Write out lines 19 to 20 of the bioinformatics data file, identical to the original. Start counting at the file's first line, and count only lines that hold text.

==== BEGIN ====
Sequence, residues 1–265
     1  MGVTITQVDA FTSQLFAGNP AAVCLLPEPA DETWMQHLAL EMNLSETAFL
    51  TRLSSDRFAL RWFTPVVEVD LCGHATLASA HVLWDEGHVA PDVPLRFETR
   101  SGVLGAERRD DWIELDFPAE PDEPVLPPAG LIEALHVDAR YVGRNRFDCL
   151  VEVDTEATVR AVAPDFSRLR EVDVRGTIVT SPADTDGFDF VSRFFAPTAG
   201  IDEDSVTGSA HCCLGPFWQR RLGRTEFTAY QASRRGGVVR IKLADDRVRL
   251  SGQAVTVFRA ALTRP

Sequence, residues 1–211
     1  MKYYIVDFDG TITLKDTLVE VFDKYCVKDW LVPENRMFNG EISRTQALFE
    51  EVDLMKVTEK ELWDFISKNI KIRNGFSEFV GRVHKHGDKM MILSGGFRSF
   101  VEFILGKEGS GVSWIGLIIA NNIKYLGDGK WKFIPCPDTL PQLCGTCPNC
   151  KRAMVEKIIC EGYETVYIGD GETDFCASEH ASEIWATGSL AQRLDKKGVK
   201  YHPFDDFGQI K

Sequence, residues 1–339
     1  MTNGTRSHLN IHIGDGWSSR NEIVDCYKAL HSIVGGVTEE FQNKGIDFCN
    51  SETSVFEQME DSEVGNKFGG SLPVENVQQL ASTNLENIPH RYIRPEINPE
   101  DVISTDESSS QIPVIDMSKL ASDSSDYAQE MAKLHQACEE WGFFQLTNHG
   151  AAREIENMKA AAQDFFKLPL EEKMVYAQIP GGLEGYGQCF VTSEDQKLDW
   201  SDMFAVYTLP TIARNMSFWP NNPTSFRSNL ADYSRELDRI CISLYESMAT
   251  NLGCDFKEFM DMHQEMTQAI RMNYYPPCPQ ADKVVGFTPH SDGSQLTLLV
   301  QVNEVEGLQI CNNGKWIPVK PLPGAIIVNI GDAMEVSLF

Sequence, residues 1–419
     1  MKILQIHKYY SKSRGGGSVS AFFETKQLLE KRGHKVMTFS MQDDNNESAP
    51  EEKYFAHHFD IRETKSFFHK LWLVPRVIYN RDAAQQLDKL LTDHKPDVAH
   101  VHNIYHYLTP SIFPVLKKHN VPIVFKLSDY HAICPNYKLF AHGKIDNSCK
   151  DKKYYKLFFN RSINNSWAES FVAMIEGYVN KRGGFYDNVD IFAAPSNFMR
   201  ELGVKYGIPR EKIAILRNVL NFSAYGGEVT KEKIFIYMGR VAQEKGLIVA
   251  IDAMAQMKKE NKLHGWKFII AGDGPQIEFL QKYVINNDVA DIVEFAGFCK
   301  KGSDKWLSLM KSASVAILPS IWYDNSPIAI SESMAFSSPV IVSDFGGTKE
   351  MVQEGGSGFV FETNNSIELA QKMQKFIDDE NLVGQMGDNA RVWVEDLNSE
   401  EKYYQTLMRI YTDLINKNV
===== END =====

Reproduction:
   201  SDMFAVYTLP TIARNMSFWP NNPTSFRSNL ADYSRELDRI CISLYESMAT
   251  NLGCDFKEFM DMHQEMTQAI RMNYYPPCPQ ADKVVGFTPH SDGSQLTLLV